What is “dementia”?
Dementia is a general term for a decline in mental ability severe enough to interfere with daily living. It is not a specific disease; instead, it is an overall term used to describe the changes in mental ability that affect daily living/functioning. In particular, Alzheimer’s Disease is the cause of 60-80% of all dementia and is the most commonly referred to case of dementia. Vascular dementia is the second most common cause, often after a stroke or severe coronary artery disease.
What is memory loss?
Memory loss is defined as the inability to remember events for a period of time, often due to brain injury, illness, or aging. Common symptoms of memory loss might include forgetting recently learned information or important dates. It may be that the person repeatedly asks the same question over and over or relies on family to remind them of things they used to do on their own. In more dangerous circumstances, people with memory loss might get lost while out driving or forget where they are.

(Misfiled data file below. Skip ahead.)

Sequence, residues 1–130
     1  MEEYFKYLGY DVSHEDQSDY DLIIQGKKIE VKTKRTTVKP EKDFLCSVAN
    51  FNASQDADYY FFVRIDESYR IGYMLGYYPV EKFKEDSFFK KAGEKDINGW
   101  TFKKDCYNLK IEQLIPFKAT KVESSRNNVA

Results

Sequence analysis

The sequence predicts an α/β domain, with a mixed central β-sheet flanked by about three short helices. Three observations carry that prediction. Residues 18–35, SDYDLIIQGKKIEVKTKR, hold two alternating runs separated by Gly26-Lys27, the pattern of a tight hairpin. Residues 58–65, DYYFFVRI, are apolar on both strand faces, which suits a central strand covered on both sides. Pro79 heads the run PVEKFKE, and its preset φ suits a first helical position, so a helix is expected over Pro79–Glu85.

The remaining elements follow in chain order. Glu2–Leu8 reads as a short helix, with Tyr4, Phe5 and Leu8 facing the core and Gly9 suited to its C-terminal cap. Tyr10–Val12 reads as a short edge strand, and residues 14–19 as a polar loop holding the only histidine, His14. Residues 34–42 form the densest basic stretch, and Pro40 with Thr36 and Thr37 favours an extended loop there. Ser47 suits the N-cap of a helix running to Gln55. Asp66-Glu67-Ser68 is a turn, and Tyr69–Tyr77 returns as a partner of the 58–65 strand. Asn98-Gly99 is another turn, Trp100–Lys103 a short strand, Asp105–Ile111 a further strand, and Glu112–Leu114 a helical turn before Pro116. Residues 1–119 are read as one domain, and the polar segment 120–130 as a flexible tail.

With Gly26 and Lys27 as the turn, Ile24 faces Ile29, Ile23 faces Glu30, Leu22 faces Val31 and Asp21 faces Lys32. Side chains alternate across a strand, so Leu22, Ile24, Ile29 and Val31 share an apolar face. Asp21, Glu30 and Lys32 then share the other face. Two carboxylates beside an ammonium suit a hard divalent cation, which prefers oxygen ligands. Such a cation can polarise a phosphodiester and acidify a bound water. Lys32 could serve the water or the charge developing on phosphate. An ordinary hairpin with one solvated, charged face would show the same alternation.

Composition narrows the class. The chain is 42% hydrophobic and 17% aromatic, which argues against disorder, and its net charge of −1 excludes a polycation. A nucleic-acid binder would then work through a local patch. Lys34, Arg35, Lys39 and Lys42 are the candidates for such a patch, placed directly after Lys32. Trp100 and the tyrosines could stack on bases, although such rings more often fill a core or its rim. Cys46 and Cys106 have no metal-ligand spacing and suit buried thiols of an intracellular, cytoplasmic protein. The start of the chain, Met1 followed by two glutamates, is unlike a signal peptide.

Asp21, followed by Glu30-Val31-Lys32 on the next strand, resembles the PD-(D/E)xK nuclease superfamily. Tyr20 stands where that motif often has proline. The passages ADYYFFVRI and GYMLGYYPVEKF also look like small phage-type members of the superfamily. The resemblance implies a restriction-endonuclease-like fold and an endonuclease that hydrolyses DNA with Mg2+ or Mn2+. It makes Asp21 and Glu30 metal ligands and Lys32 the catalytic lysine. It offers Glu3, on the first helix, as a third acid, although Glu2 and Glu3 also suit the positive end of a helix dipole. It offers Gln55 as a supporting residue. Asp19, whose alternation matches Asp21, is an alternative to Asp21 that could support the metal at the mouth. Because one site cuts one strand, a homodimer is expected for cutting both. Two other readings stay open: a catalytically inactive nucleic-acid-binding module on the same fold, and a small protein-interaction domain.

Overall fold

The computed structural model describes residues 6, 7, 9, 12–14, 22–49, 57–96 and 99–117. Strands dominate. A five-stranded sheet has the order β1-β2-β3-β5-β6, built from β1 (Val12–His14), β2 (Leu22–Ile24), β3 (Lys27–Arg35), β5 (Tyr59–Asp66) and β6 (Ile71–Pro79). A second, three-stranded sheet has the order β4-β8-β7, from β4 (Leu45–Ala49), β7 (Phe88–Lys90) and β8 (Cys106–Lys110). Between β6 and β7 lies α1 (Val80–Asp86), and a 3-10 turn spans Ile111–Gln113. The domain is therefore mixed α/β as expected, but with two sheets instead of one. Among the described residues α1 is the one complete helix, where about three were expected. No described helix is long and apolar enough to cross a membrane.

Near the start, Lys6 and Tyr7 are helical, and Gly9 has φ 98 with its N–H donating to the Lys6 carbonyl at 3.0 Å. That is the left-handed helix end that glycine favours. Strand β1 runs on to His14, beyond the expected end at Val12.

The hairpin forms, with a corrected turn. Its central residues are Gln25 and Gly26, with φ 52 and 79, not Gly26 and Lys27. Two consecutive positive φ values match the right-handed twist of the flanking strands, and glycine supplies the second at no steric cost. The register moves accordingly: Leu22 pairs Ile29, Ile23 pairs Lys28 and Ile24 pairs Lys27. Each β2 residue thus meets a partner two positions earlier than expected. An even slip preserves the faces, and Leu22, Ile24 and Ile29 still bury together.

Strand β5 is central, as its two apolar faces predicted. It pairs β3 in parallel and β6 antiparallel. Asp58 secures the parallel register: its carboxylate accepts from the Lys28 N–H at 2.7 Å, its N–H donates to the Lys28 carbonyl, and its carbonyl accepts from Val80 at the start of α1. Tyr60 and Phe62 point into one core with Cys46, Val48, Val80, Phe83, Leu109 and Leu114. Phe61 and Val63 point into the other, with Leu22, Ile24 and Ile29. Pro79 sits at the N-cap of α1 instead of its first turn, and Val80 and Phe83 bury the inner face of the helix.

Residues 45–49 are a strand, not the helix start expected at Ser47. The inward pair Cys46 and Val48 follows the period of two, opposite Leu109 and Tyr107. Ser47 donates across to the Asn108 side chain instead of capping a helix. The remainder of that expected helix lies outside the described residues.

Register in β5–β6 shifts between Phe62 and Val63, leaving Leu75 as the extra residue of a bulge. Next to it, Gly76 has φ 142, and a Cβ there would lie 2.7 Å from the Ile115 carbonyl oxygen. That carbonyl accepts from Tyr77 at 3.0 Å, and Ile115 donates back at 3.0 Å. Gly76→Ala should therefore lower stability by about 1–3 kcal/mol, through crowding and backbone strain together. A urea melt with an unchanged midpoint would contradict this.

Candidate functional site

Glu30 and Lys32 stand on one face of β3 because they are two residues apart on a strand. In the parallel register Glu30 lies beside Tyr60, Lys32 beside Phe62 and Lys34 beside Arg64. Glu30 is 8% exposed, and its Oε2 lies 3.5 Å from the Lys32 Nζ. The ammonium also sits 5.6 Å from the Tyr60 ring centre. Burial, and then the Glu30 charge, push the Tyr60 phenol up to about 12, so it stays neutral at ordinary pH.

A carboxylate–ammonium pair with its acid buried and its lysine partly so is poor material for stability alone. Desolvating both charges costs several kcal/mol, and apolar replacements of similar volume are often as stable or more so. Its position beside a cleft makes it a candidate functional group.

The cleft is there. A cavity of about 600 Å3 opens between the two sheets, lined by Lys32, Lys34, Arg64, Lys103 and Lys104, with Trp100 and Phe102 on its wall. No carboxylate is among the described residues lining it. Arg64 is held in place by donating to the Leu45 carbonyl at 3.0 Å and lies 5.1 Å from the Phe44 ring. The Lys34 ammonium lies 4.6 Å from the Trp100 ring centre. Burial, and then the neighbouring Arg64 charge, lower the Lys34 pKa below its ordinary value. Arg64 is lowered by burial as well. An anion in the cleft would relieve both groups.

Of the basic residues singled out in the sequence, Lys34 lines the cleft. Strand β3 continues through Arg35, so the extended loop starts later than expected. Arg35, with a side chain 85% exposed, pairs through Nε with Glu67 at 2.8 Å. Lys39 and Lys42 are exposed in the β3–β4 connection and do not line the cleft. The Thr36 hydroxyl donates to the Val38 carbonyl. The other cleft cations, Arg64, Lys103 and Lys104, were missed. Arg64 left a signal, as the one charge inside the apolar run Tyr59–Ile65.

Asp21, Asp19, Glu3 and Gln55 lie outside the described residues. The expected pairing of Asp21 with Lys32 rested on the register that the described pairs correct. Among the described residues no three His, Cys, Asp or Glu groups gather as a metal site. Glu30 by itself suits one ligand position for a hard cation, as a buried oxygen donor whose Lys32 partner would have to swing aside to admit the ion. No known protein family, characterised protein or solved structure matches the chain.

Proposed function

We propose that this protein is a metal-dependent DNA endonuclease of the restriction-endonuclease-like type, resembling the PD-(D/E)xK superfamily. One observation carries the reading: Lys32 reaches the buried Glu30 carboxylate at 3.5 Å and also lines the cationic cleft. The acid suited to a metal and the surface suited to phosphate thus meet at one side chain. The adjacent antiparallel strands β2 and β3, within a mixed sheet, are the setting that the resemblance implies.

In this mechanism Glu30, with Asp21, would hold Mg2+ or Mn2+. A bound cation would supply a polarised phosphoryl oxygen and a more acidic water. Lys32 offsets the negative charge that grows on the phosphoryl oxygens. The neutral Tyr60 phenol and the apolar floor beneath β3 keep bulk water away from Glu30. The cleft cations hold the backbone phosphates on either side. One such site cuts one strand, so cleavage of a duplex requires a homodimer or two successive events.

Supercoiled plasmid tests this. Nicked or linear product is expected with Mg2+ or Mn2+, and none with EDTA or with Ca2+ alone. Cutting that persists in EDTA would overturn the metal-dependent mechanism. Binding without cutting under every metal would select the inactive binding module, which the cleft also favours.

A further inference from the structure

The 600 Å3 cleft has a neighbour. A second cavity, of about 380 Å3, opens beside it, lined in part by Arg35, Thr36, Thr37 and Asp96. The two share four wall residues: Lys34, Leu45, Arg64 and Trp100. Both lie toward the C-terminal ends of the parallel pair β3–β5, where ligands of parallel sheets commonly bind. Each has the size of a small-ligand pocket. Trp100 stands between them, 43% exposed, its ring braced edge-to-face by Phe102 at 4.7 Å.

- Trouble following or joining a conversation
- Stopping in the middle of a conversation, unable to complete thought
- Can’t find the right word
- Calling common items by the wrong name (a watch may be called a hand clock)
Ability to Focus/Pay Attention
- Difficulty staying focused on a conversation
- Difficulty paying attention to TV, Movie
- Having problems following a discussion or conversation
- Having problems understanding what is said
Reasoning and Judgement
- Giving things of value away
- Making poor decisions
- Paying less attention to grooming or clothes selection
- Not taking care of things that have always been valued by the individual
- Difficulty reading
- Difficulty judging distance or color
- Not recognizing their own image when passing a mirror, thinking someone else is in the room
Diagnosis and Early Intervention
If you have a loved one who is experiencing symptoms of dementia, it is critical to get a diagnosis and begin early intervention. There are many new medications which help slow the progress of some forms of dementia. This allows other non medical interventions to be more
effective. Additionally, it allows for planning and getting individuals desires and needs for long term care known.